Here is a clip of the Vegas version with two examples in one shift. In the first part, Vegas F1 attacks Leon Draisaitl who picks up the puck. F2 and F3 immediately start heading back up the ice. When Draisaitl chips it out, D1 does step up, but look how far back D2 is and look at the skate direction of F2 and F3. They are headed back to defend their zone. It creates the turnover but does so in a passive manner. The second example is an illustration of almost a 1-4. Kane gets full control of the puck and circles the net. Despite F1 having Kane angled to the wall, watch F2 and F3. Both of them drift back into the neutral zone where they link up with D1 and D2. All four of them are almost in one-half of the neutral zone. It is a very passive neutral zone forecheck.

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Because of its passivity, I expect the Oilers to face a lot of dump-and-chase situations when Vegas is properly set up. Much like the Kings series, the Oilers will need to win some battles in the zone off loose pucks against the walls. However, that does not mean it should be the default counter for the Oilers. The most effective way to defeat this forecheck is to simply not allow it to set up. Here is a great example by Leon Draisaitl. The key for this whole play is Draisaitl moving up the ice before F1 can get established and that allows him to gain the middle of the ice. Once a player can get to the middle of the ice on a 1-2-2, he can take the play to either side. This runs counter to the goal of the 1-2-2 where F1 is to force the puck carrier in one direction. Draisaitl actually fakes a direction and moves the other way and that loosens the forecheck for a brilliant entry and pass leading to a great goal.

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This play should be the focus of the Oilers. McDavid, Draisaitl and McLeod all have the ability to execute the play above. The more the Oilers push the puck north before Vegas can get ready, the more success the Oilers will have.

Vegas Golden Knights Offensive Zone Forecheck

The most distinct change for the Golden Knights is the offensive zone forecheck. While the Golden Knights will still chase 50/50 pucks hard with multiple players (think 2-1-2 stack forecheck), the default play is to use a passive 1-2-2. The base is for F1 to chase the puck and push it to one side or the other. F2 and F3 play higher up and focus more on trying to defend the exit attempt. This is slightly different than most 1-2-2 offensive forechecks where F2 steps down to force the puck carrier before the exit attempt. Here is a clip that illustrates this forecheck fairly well. F1 comes flying into the zone to attack the puck. Now look at the pace at which the F2 and F3 attack the zone. Each player is really coasting in waiting for the Jets to make their play. In this case, the goalie simply hands it to F2 and Vegas goes on offense.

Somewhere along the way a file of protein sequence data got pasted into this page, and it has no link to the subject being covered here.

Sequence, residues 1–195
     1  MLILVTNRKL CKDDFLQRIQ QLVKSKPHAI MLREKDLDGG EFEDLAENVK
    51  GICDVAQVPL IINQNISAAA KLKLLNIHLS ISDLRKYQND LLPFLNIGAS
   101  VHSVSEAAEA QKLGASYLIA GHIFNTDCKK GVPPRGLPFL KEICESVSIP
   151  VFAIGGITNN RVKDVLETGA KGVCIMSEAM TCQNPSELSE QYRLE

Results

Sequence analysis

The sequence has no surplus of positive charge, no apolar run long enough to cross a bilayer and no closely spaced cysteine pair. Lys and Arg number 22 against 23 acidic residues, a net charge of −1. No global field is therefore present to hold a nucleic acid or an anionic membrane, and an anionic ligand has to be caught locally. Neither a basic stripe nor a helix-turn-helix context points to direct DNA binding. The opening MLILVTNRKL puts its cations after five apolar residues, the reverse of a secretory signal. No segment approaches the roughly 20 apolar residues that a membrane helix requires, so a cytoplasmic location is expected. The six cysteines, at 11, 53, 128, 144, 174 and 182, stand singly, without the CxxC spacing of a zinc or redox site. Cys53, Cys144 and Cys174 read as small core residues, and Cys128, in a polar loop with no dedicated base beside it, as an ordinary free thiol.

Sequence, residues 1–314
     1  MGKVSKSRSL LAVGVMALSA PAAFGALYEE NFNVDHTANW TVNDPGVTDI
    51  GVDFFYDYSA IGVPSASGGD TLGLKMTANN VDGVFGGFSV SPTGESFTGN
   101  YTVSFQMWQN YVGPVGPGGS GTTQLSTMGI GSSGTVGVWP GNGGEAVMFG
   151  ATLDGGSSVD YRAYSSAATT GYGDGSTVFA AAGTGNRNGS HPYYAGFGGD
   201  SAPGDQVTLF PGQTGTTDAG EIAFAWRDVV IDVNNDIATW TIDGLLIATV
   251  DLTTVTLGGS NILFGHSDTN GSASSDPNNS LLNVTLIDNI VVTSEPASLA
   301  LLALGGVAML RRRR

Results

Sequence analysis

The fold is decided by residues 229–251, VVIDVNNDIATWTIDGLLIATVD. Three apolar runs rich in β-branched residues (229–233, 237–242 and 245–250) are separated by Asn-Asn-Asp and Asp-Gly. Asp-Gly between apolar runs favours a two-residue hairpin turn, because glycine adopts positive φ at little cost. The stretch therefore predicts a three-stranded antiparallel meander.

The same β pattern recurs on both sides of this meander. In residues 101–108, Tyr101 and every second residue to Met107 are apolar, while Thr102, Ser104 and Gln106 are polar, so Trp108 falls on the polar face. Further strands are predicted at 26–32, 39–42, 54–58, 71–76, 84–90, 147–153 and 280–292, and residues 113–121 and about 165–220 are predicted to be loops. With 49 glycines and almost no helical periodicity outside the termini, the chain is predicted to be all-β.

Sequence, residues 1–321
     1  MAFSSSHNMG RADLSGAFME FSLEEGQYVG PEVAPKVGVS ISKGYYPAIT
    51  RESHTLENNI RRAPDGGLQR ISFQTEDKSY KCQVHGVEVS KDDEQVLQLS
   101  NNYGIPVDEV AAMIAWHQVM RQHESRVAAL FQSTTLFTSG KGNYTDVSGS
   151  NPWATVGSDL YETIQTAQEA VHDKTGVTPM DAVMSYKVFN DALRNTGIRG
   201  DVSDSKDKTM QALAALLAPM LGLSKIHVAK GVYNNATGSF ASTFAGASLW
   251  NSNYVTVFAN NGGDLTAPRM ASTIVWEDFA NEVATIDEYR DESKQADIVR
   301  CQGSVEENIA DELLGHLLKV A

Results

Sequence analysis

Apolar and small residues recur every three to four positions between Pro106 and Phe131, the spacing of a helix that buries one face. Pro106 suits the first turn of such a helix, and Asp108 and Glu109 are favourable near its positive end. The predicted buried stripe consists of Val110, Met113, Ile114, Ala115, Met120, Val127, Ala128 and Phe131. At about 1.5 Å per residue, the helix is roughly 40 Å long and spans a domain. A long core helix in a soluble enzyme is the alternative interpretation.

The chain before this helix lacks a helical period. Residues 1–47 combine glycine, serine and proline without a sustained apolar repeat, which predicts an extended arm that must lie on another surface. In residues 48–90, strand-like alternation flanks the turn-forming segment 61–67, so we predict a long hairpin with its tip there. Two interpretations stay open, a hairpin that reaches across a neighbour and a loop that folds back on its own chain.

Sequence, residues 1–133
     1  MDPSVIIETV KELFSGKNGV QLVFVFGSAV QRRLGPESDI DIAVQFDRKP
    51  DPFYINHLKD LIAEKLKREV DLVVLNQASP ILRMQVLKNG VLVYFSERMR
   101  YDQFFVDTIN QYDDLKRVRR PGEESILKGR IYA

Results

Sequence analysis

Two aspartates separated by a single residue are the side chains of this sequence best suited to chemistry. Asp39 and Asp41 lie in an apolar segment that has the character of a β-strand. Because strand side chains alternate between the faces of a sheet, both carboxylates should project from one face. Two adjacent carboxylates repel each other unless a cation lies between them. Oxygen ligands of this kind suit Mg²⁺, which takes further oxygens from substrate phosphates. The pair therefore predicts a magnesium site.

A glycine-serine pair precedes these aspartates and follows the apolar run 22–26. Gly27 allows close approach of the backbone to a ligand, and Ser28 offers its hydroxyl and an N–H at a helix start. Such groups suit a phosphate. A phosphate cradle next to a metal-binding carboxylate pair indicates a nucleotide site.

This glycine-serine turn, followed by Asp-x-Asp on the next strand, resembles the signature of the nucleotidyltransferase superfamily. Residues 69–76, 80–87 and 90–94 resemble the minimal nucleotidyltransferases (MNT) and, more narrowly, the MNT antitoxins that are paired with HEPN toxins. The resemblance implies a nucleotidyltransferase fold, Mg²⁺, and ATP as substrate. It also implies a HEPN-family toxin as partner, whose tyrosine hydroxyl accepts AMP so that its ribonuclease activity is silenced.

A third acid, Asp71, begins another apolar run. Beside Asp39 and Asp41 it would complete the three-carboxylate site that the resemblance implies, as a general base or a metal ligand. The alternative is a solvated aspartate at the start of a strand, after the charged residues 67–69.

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Here is another example where again F2 and F3 are very passive on the forecheck and, instead, focus on trying to create the turnover after the Jets make their exit attempt. Instead of chasing hard down low, the Vegas forwards wait until an exit attempt is made before attacking the puck.

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For the Oilers, one of the keys against this forecheck will be to have the F1 very low in their zone. This will help the defence with outlets into the middle of the ice where the 1-2-2 has its weaknesses. Here is a great play by Connor McDavid supporting his defence down low. He retrieves a bump pass from Nurse and outlets a stretch pass to the neutral zone to Hyman. The last part of the play is also key. Look at who receives a pass in the neutral zone to establish an offensive zone attack: Cody Ceci. Another element of weakness to the 1-2-2 offensive zone forecheck is the F4. The F4 being D2 racing up the ice when the low forward gets the puck and is able to exit. This F4 can create odd-man rushes against the 1-2-2 routinely when properly executed.

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What I do not want to see is the forward group as a whole cheating up the ice in their zone. The mid-lane is going to be key because the 1-2-2 is designed to defend the walls and the glass on the exit. The middle 40 feet of the ice will be available especially down low and it will critical for them to take advantage of that space.

Keys To The Series Tactically Speaking

There are a few keys for me to this series at 5v5. First, and foremost, is whether McDavid and Draisaitl play together. If they do, then a lot will be asked of the second line. If that second line is Bjugstad-RNH-Hyman, it will need to be much, much better in this series. Now it is important to note that McDavid and Draisaitl did not play together in the last two games of the regular season against the Vegas Golden Knights. Each had their own line and performed quite well.
The second key for me is Ryan McLeod. I think he is built to play against these types of tactics. He is an excellent skater. He plays low in his own zone and is therefore available to exit the zone in the middle. He carries the puck with speed at a level that is above most of the Oiler forwards. The passive offensive and neutral zone forechecks of the Golden Knights should leave lots of space and seams for McLeod to attack.  Now while I think he has a chance to have a great series, the reason he is a key for me is because of the Vegas forward group. The Vegas forward group is very deep. The third line in Vegas will be a big challenge. If the second line continues to struggle, the third line will need best its competition. The Oilers will struggle if two of their top three lines are getting overwhelmed.
The final key for me at 5v5 is the Oilers being “patiently aggressive”. I know it is a weird phrase, but I have limited brain power and it’s all I can think to call it. Being aggressive means turning the puck north quickly from their zone and the neutral zone as well as attacking the Vegas defensive structure quickly. Now that cannot happen all the time. There will be times when Vegas is already in position. At that point, the Oilers cannot force plays that lead to quick transition plays from the Golden Knights at the bluelines. As my old coach referred to it, I’ll be looking for the Oilers play in the “poop your pants” zones. If it smells like diaper change time, the Oilers will have troubles with the Golden Knights.
That’s it for the tactical preview of the Oilers-Golden Knights series. As always, your feedback is welcome right here or @bcurlock in the Twitter machine. See you after game one.